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A Picture's worth 1,000 words

Dedicated artist draws books for children to instill values and virtues

A Picture's worth 1,000 words

If children's book illustrator Nuntawan Wata can finish two titles a year she is working overtime. This woman believes in quality rather than quantity.

"Why must everything in this world be in such a hurry?" the 32-year-old asks. "Why can't things be done at their own pace?"

To award-winning illustrator Nuntawan, the more time she spends on a book the better it will be.

"Not everything in the world is a matter of life and death. Working on a children's book is not a competition. If I don't finish the book in three months it's not the end of the world - I just don't earn as much."

Nuntawan has been a freelance book illustrator for four years. It is a job that pays between Bt10,000 and Bt20,000 a month.

"You'll never get rich - but being happy is what it's about," says the Chulalongkorn University masters art-education student. She completed her undergraduate degree in applied arts at Burapa University.

"The life of a children's book is longer than other kinds of publications. Its core is to teach kids about good and bad.

"When you produce a good book, it'll reach more readers for a longer time. And, when children read it they learn right from wrong - and that's something that stays with them forever."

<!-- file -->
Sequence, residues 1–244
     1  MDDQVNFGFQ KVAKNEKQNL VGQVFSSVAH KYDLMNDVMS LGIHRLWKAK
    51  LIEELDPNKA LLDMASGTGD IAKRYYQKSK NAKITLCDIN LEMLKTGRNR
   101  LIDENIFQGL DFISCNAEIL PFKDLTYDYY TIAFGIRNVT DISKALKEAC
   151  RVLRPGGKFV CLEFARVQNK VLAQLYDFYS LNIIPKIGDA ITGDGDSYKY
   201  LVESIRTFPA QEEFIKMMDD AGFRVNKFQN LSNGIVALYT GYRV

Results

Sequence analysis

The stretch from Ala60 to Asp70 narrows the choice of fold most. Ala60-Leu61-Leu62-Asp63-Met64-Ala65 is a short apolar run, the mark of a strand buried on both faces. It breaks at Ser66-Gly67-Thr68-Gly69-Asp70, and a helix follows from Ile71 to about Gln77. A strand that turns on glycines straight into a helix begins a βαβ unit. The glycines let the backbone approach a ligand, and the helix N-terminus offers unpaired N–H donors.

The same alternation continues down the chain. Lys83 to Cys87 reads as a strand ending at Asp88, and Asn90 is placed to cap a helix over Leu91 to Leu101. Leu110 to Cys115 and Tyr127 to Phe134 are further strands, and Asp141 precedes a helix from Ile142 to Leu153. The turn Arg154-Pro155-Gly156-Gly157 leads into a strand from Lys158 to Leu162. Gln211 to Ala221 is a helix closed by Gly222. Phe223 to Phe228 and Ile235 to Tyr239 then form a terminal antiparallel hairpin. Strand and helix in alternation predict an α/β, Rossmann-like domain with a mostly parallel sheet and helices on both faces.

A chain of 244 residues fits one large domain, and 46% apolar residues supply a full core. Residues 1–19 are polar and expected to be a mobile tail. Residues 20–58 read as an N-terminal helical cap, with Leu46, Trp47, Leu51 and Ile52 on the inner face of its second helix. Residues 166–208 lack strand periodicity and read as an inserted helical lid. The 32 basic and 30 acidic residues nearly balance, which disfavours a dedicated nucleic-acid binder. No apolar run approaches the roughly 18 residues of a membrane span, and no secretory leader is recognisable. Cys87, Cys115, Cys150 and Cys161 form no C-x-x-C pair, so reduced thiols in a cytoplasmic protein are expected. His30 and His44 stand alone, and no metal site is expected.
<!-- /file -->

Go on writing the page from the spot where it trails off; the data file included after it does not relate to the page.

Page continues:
Nuntawan won the best-illustration award at the first Children's Literature Foundation competition 11 years ago with her first book, "Joi search for the Moon".

It is in its third print edition and was translated into English last year. There have been other awards since then and last year her "I'll save, too" was runner-up in a Stock Exchange of Thailand competition.

"Entering competitions is a good way to make yourself known to the public and publishing companies."

No university offer degrees in children's book illustration but there are courses included in some art degrees, she says.

"Your portfolio looks better if you have illustrations from competitions you've participated in."

Children's book illustrators must study each publisher's style and be able to use as many forms and techniques as possible - portrait to sketch and drawing to painting.

"The more styles you have the more opportunities you'll get. Most children's book illustrators are freelance due to the nature of the work."

Even after an editor has viewed a portfolio it may be weeks, even years, before they give illustrators a call.

It all depends what work they have needing to be completed.

Illustrators often work with writers to propose ideas to publishers. Many write their own stories, too.

"Working with writers requires you to share certain understandings. Writers have pictures in mind for a story. You must communicate well and be able to interpret their messages," she explains.

It often happens characters are not drawn "just so" and lay outs and compositions are not 100-per-cent okay, or colours and techniques are not suited. "These need to be corrected little by little and at their own pace," she says.

"Pictures play an immense role in children's books. They help tell the story as much as words," Nuntawan concludes.

By Rojana Manowalailao

The Nation

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